Project management strengths and limits: how far is too far
When thinking about project management as a whole, the concept can be both a faithful friend and a dreadful enemy. It can help your company grow fast when implemented correctly, or it can destroy you in a matter of a few projects. It’s all a matter of how you look at things.
To get your project and company from where you are to where you want to be, you need to find the right balance of things. You need to utilize all the strengths of project management while making sure you don’t push over the limits.
Project management strengths
Let’s involve some logic and statistics and define the strong sides of project management. What does it take to run a successful project? The right set looks like this:
- Effective communication – an average of 75% of projects met their original goals on time and budget with the help of effective communication.
- Frequent communication – teams that practice relevant, frequent communication achieve on average 82% project success. As a contrast, 57% of teams that communicate poorly fail their projects.
- Detailed planning – Communication can really make a difference only when it leads to something relevant. With a detailed plan at hand, frequent communication makes all the more sense since you can align everything with your current plan and goals. Also figures indicate that 39% of projects fail due to inefficient planning and lack of activities.
- Knowledge transfer – Smart projects managers know that it’s not enough to understand project goals themselves: you need to deliver them to your team very clearly and share your knowledge on the matter. When implemented, knowledge transfer improves overall team performance twice as much (75% to 35%) as compared to keeping everyone in the dark.
- Using a methodology – Project management methodologies were created because they deliver results. It may be too hard to come up with your own unique methodology that fits your team best and until you get there, using a proven methodology can improve your overall results including meeting deadlines, quality standards and staying on budget by 10%.
- Using Project management software – 87% of high performing companies use project management software for their everyday activities. This is very important to consider since software helps skip a lot of time consuming tasks and help tackle miscommunication, paperwork, loss of valuable data, loss of the big picture and much more. It’s no wonder that every 9 out of 10 companies utilize project management software – it has been designed to help you guys out.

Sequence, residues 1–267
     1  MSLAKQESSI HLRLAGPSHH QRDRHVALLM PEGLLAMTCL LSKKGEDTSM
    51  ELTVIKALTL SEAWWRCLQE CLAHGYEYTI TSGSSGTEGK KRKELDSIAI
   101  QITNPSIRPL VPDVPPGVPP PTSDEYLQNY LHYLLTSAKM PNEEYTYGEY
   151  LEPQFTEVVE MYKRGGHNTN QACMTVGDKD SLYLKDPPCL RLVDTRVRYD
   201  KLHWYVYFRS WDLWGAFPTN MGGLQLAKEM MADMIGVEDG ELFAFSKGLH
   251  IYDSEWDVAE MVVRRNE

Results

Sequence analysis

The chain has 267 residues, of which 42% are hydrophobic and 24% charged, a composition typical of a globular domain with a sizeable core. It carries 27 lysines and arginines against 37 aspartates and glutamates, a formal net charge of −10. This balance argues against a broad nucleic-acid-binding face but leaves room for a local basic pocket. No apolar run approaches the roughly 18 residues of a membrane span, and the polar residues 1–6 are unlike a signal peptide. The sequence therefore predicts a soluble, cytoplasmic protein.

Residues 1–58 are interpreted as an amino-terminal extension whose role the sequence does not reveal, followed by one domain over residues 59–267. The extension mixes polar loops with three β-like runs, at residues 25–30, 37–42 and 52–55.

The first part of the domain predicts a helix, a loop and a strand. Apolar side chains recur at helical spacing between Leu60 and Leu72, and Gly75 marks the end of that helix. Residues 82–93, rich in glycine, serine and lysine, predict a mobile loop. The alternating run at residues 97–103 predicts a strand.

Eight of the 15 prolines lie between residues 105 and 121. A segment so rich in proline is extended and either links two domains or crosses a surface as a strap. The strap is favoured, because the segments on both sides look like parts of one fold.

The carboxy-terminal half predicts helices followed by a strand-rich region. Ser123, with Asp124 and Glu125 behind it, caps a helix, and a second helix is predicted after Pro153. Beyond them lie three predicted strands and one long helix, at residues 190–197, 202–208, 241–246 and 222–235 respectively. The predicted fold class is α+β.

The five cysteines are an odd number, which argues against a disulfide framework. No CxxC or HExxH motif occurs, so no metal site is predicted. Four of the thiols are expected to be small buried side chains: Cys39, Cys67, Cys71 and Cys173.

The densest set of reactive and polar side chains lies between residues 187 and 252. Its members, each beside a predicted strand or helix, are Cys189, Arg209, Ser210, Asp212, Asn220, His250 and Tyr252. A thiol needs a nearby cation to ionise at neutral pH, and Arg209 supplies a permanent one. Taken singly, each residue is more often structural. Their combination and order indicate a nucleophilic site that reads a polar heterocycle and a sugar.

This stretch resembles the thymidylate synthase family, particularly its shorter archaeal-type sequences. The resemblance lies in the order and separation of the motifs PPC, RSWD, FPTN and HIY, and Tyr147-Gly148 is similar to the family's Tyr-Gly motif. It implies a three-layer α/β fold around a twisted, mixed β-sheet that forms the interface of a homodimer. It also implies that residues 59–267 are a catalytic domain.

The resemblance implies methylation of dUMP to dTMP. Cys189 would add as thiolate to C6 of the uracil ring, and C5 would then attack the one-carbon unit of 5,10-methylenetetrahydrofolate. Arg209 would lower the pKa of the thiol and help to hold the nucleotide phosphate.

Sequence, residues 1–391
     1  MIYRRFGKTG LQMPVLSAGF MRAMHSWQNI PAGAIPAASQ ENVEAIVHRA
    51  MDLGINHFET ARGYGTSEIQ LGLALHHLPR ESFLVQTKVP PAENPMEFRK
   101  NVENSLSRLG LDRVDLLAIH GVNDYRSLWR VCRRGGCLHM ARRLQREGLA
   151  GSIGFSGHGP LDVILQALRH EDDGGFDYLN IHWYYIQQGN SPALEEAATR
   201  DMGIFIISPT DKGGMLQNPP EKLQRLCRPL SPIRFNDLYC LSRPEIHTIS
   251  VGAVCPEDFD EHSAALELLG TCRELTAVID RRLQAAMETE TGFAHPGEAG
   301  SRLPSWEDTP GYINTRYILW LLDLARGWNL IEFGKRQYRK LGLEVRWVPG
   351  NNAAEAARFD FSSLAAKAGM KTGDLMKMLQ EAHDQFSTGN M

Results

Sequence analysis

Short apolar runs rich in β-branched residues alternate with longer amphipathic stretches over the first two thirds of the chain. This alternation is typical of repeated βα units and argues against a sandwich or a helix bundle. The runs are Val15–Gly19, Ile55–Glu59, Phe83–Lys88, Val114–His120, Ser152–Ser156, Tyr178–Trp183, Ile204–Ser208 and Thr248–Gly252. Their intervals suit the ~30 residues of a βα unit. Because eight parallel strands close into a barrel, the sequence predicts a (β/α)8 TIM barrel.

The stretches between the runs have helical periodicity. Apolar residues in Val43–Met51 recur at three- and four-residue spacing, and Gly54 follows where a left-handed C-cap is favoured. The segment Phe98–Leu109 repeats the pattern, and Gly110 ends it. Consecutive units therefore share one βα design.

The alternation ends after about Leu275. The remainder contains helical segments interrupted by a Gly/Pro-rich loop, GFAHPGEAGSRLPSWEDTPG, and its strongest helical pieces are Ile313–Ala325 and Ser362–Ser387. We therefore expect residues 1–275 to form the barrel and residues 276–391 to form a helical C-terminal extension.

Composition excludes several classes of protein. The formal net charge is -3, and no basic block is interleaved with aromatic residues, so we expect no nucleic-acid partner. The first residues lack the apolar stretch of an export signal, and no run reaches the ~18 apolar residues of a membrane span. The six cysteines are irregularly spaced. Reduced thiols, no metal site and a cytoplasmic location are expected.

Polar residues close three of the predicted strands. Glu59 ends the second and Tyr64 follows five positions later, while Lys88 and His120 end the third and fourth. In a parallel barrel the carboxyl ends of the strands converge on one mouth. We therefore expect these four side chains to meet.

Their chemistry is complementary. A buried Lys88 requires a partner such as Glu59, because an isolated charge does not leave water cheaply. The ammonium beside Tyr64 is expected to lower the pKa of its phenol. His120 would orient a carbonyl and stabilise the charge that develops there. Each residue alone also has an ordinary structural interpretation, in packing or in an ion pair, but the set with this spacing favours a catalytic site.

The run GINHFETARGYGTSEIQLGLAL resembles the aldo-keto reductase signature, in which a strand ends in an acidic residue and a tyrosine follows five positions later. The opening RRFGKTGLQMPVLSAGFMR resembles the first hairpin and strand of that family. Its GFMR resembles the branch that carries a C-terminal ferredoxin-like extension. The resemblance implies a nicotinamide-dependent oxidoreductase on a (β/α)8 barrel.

This list could also include a few dozens of other points, but the core skill set consists of those techniques. It’s important to note that all of this will work only if practiced regularly: running a project successfully is a team effort by itself and it’s hard to get everything lined up nicely from the first try. But if you stick to it, you will notice considerable improvements with every coming project.
Project management limits
All those strengths mentioned above are good in moderation. Too much effort can really mess up everything starting from your deadlines and ending with team attitude towards their job.
- Micromanagement – concentrating on every small detail in every task for every team member is something you want to stay far, far away from. Micromanagement is very easy to fall for. While delivering your vision and communicating frequently is important, it can easily grow into micromanagement without you even noticing. There is no need to oversee every tiny step that your team takes, you will get nothing but frustration and loss of time out if it.
- Constantly striving for perfection – No matter how hard you try, you won’t be able to make everything perfect, simple because all the activities include too many factors that are out of your direct influence. Chasing perfect plans and teamwork will soak up a ton of time, which could be used effectively for problem solving, risk management, etc. You will just end up where you started (if not in a worse state) and achieve nothing but loss of time and efforts.
- Working 24/7 – This might sound misleading, but working late every day trying to speed up your results isn’t going to help as much as you think. Productivity isn’t going to improve if you stress yourself every day and cut your sleep and/or relaxation time. You are not a machine and you need to rest, have fun and put your mind off from work regularly. Same goes for your team. Instead of working late every night and getting stressed over stuff that isn’t going to improve anytime soon, use that time to get to know your teammates outside of work and tighten bonds between everybody. This will help improve your project success and overall atmosphere much more.
It can be very tricky to find the right balance between what you do, what you need to be doing and making sure the project doesn’t become a nightmare for yourself and your team. Stick to the advice you get from experienced professionals and work towards developing your own working style that fits your team best. It’s a slow, but steady way to improving the number of successful projects.